So when a deal with St. Louis presented itself that brought back Shelby Miller and Tyrell Jenkins, two high-ceiling pitchers who came with the bonus of 10 years of team control (and nearly $11 million in freed-up payroll), they jumped all over it before it disappeared.

Publicly, the Braves have said all the right things about how much they loved Heyward and hated to move him. And Heyward has done the same about how tough it is to leave Atlanta. But in truth, the Braves saw a guy who was ready to move on, had never established what he was offensively and wasn't a $100 million player in their eyes. So now they have to try to answer the same questions about Upton.

It's hard to imagine the Braves think they can afford to keep him, either -- especially, Hart admitted, "based on the Giancarlo [Stanton] contract." So, logically, if they're in any sort of rebuilding mode, with 2017 as The Year It All Needs To Come Together, they should be highly motivated to move Upton, too. Right?

Um, don't jump to that conclusion too fast, Hart said.

"Moving one doesn't automatically mean you move two," he said. "They're just not attached at the hip. We still have the challenge of putting a competitive club on the field. Now, that doesn't precluding us from doing something else. If something comes along that's enticing, we've got to look at it. But we're not at the point we were at going into the GM meetings, where we knew we needed a starting pitcher."

Nevertheless, the vibe from teams they've spoken with is that it still feels more likely that they will move Upton than that they won't.

They have interest from the Padres, Mariners and Reds, among others. And outside of Nelson Cruz, who is more a DH than a leatherworker, there isn't a single free-agent outfielder who even hit 20 homers this year. So while one source who talked with Hart said he'd need a deal that would "knock his socks off," Upton remains one of this winter's most intriguing Human Trade Rumors.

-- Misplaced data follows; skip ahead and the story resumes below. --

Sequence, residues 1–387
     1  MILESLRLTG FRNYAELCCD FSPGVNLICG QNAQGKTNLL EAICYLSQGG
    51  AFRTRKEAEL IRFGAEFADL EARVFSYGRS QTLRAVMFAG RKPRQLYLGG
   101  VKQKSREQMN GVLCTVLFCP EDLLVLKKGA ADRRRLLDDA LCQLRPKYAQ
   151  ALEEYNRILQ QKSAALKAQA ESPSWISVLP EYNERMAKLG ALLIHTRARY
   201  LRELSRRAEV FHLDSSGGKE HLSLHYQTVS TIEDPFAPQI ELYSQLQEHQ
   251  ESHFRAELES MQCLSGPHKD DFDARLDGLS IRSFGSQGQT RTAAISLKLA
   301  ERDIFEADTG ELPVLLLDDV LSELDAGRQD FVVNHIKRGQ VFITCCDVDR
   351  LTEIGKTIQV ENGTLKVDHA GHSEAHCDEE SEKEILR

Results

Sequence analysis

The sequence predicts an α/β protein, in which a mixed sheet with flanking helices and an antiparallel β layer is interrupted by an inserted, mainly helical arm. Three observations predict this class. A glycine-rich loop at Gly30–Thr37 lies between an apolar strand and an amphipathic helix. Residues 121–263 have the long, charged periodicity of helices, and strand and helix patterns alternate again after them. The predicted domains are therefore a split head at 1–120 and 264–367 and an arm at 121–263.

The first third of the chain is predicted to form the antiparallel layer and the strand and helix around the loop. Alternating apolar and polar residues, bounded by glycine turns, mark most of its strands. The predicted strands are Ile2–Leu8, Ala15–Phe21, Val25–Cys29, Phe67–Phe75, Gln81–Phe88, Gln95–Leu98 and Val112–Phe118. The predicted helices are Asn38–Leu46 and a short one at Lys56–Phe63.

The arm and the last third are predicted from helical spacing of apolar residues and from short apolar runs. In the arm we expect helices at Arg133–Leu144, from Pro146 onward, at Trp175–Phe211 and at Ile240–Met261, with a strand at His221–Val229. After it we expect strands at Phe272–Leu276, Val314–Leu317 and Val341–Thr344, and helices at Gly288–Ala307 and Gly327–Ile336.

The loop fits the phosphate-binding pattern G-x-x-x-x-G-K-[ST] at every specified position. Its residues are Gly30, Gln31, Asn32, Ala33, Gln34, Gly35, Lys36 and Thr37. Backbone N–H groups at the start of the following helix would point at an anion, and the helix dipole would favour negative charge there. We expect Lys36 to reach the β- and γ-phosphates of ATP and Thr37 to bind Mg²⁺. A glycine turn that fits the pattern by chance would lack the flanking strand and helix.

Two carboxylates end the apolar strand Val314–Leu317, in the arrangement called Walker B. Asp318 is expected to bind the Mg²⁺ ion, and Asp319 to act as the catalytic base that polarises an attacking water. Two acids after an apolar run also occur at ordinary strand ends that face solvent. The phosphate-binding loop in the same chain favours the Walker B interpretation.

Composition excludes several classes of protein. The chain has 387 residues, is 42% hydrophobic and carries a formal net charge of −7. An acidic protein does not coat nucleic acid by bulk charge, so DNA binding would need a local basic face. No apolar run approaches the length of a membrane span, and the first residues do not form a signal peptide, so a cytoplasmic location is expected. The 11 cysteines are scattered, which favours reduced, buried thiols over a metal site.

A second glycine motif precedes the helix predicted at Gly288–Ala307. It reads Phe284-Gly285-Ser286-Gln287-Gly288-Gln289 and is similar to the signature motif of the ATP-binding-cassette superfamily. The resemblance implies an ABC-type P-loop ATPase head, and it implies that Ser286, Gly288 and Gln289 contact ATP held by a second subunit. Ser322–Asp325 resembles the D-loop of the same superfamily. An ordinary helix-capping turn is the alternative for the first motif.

The Braves would much rather trade his brother, of course. And gee, we wonder why. Oh, that's right. B.J. Upton has a scary $46.35 million left in guaranteed money over the next three years -- and just spent the past two seasons becoming the first outfielder in history to compile back-to-back seasons of 400-plus plate appearances and a slash line worse than .210/.299/.329.

The Braves were so desperate to get B.J. Upton off the books, in fact, that other teams say the team told Justin Upton suitors that to get Justin, they'd have to take both brothers in the same trade. But good luck on that, too.

So the Braves will keep listening -- much more intently, it's clear, on Justin Upton than on Gattis. But after freeing up money in the Heyward deal, they also could look to do as much adding as subtracting.

They have to figure out second base and their catcher spot, now that Gattis is ticketed for a trip back out to left field. But they also need one more starting pitcher, to complement the young, controllable quartet of Miller, Julio Teheran, Alex Wood and Mike Minor. And that search could take them in many different directions -- including (if they can free up more cash) hot-shot free agent (and Georgia resident) Jon Lester, whom they met with Thursday.

"Is it a long shot? Yeah, it's a long shot," Hart said of Lester. "But we've got our eyes open. We'll have to see where the market goes. We're not equipped, as we speak, to go after the big, big ones. But that's why we're keeping all the doors open."

Which means, for now, Hart and his industrious assistant, John Coppolella, will stay flexible and consider almost anything. They have "a lot of desirable players," Hart said. So they could sell. Or they could buy. Or they could do both. But one thing you can be sure of, he said, is that they won't be reenacting the Cleveland blow-it-up-and-rebuild model because "that's not an option here."

"So don't be surprised," said Hart, "if we [sign] a starting pitcher, do a couple of things and go play. That's a very real possibility."